In Gittelsohn’s intervention, healthy eating messages will soon go beyond store boundaries. A cartoon about nutrition and exercise featuring an Apache family will run in local newspapers. And Gittelsohn is lining up a local musician who will write and perform songs for the radio that blend messages about nutrition with cultural themes. “All of this needs to be reinforced repeatedly,” says Gittelsohn. “It’s not enough to be using just one pamphlet or just one poster.”
To gauge whether the interventions are succeeding, the researchers are keeping a log of sales data for each store and conducting home interviews. They are also monitoring the weight of a subgroup of women to determine whether the project reduces obesity levels.
Gittelsohn is currently developing Healthy Stores programs for Baltimore and Hawaii. If these first projects prove successful, the model could be applied on a larger, even national, scale. But changing people’s behavior is not easy, as Gittelsohn learned in an earlier attempt to reduce childhood obesity called the Pathways Project .
Pathways met with both successes and disappointments. The School’s program, which involved seven American Indian reservations starting in 1993, aimed to reduce childhood obesity by at least 5 percent. But by the end of the intervention, though the children knew significantly more about good nutrition and exercise, their obesity rates had not declined.
Caballero now concludes that focusing on schools is not enough. After school, children can all too easily plop down in front of the TV and stuff themselves with potato chips. Effective programs must involve the family, workplace, and community—strategies the Healthy Stores researchers are now trying to implement.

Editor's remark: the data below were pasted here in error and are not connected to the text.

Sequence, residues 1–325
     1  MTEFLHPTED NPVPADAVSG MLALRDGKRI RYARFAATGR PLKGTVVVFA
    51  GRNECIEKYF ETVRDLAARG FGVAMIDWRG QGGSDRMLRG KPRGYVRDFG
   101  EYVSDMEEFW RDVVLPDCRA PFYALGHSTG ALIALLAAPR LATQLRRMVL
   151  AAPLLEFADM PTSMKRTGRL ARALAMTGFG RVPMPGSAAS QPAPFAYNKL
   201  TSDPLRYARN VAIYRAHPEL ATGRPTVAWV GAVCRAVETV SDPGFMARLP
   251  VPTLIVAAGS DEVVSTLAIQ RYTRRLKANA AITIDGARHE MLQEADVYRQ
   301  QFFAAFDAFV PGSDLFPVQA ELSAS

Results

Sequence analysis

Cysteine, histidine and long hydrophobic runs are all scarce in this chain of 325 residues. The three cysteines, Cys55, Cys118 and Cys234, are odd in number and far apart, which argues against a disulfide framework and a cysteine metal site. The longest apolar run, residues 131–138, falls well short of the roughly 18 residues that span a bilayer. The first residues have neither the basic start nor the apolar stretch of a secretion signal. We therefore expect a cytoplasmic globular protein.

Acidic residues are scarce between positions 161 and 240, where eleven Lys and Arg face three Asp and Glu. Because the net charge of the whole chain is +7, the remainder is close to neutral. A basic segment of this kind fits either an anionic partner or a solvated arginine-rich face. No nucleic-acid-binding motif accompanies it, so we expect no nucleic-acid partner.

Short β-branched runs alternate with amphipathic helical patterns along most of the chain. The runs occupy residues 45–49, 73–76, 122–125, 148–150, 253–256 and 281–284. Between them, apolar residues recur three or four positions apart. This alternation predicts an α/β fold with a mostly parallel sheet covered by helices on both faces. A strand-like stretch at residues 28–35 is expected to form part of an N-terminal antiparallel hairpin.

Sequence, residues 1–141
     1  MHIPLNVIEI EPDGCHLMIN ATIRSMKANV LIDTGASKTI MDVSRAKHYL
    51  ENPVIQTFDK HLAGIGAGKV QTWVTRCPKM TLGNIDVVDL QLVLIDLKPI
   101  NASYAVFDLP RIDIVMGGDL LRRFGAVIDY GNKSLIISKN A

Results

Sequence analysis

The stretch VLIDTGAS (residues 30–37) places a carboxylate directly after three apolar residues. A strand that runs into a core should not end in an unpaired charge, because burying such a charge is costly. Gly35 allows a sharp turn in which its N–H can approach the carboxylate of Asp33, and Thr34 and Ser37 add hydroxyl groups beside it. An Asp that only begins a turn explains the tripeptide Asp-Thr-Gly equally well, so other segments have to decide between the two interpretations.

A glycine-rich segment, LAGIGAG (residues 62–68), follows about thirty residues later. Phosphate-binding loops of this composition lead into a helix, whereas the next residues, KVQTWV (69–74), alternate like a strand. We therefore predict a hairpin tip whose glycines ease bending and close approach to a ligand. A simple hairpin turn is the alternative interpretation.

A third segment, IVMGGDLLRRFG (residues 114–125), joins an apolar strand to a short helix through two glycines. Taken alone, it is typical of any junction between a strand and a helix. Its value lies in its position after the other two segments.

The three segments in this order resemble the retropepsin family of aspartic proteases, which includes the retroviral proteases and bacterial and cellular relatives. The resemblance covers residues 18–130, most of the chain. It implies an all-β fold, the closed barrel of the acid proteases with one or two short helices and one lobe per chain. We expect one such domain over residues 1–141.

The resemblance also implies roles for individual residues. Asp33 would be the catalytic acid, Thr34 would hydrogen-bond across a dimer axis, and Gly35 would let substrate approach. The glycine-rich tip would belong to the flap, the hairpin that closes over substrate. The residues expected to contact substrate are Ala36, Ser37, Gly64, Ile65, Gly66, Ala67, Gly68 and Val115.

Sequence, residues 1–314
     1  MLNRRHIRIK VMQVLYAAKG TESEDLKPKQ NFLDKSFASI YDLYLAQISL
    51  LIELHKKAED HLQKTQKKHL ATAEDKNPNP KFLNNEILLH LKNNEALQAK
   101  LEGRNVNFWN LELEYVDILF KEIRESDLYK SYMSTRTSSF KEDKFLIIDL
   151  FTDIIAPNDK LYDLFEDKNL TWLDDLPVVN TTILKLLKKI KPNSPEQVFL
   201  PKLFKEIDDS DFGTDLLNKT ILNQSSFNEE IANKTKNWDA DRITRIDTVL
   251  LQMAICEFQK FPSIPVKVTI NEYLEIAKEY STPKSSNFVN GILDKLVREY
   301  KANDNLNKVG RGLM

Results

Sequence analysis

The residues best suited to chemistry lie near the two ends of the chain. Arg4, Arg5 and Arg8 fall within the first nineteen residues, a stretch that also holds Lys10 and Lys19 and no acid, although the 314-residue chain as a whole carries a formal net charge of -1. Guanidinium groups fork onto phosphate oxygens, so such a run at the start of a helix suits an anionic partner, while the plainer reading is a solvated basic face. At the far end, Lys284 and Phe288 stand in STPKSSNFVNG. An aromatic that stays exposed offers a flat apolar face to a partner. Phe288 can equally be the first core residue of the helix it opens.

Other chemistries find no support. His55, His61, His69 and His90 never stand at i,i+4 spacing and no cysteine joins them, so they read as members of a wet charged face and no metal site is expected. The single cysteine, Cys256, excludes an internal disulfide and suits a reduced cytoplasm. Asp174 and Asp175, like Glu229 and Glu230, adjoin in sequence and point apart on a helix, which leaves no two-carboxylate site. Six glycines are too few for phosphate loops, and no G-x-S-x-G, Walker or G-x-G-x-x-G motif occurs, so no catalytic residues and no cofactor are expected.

Public health authorities have an ambitious goal: to reduce the prevalence of obesity among U.S. adults from 31 percent to less than 15 percent by the year 2010.
But how to get there?
Nutrition scientists use the term “nutrition transition” to refer to dietary changes that occur as societies develop. Barry Popkin, a professor of nutrition at the University of North Carolina, has outlined these progressive stages in The Nutrition Transition: Diet and Disease in the Developing World, which he and Caballero co-edited.
People begin as hunter-gatherers, relying on a low-fat animal and plant-based diet. (Meat from free-roaming animals is low in fat.) They battle high rates of infectious disease but rarely suffer chronic diseases (stage 1). They then developed a less varied diet that spawns nutritional deficiencies such as kwashiorkor, scurvy, pellagra, and beriberi (stages 2 and 3). Later, technology reduces physical labor and make possible a diet rich in fat, sugar, and processed foods. Society then suffers high rates of heart disease, cancer, diabetes, and other degenerative diseases (stage 4). Americans and other industrialized societies are in this stage.
Finally, in the next stage, people become more aware of how a healthy diet prevents degenerative disease. They exercise more and live longer, healthier lives, with less heart disease, cancer, and diabetes.
No society has yet advanced to stage 5. And finding the way there is an experiment. But it is an experiment we must attempt, says Caballero. “With 64 percent of the population overweight, we face a serious social danger. We need to do what we have to to reduce that threat.”
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